The past nine months have seen our world change in many ways. From health to the economy, it has been a wild roller-coaster ride for everyone. However, one thing seems to have been affected more than any other: international travel.
Just weeks before the pandemic began, I completed a global photography journey to 52 countries in a single year. At that time I could have never imagined that just a few short weeks later the world would come to a complete standstill. From traveling 150,000 kilometers last year on more than 60 flights, I suddenly found myself spending month after month in one place, with the furthest travel being to the local supermarket.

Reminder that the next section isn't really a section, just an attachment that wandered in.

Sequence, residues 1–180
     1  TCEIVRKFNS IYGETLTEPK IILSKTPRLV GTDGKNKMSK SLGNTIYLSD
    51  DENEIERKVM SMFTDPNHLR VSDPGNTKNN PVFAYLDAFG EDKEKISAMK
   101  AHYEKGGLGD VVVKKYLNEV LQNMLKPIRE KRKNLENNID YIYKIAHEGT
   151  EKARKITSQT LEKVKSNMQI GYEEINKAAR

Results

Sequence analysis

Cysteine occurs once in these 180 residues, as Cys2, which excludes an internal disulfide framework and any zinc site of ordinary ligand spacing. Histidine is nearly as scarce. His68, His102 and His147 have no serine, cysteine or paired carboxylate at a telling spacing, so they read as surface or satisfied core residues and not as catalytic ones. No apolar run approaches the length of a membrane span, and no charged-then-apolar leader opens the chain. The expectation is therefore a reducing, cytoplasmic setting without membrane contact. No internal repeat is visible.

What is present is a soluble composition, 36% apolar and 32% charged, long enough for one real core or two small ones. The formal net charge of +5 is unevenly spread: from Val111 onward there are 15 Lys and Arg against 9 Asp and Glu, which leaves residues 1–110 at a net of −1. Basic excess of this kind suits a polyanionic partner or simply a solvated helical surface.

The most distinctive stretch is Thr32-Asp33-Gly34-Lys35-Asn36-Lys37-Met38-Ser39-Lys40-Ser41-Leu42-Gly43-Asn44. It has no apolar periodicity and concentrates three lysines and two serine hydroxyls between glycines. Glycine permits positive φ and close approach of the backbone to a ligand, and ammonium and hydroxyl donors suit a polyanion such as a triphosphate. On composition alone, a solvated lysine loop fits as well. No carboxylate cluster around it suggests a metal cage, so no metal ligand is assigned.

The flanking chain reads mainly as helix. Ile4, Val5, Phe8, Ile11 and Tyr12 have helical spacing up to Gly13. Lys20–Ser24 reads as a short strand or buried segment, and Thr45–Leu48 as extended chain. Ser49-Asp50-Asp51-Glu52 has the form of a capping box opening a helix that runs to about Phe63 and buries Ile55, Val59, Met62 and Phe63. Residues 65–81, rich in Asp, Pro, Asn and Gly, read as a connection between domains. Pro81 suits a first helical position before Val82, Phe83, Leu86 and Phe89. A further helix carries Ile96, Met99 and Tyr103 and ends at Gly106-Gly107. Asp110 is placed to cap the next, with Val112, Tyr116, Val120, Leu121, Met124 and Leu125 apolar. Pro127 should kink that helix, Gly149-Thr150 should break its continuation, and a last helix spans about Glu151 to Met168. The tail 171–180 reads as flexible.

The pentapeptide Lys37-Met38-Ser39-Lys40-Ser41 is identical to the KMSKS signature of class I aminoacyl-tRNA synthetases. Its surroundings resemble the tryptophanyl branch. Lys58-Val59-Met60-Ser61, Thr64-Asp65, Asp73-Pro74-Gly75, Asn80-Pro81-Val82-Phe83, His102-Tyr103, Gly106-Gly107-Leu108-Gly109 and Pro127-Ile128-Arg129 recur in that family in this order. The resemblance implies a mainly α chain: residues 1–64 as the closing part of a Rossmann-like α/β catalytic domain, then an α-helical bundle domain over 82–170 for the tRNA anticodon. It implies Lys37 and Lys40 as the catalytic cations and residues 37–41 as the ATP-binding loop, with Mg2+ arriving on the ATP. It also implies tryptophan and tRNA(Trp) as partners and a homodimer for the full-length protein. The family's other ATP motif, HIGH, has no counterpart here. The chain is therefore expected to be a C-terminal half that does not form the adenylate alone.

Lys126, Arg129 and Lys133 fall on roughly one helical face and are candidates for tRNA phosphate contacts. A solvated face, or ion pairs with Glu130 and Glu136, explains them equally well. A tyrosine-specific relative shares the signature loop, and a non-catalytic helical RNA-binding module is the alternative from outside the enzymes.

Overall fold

By May I was itching to get back on the road. By July I was desperate for a change of scenery.
However, even by midsummer most countries still remained closed to international tourists, and my choices were limited, to say the least.
In this sea of travel restrictions, one country stood out: Ireland. The land of shamrocks and leprechauns was open to visitors. The only requirement was a 14-day self-quarantine, something I was prepared to endure after spending so many months indoors.
So after some hesitation and several flights that got canceled along the way, I packed a suitcase filled with food, books and warm clothing, and boarded a flight to Dublin.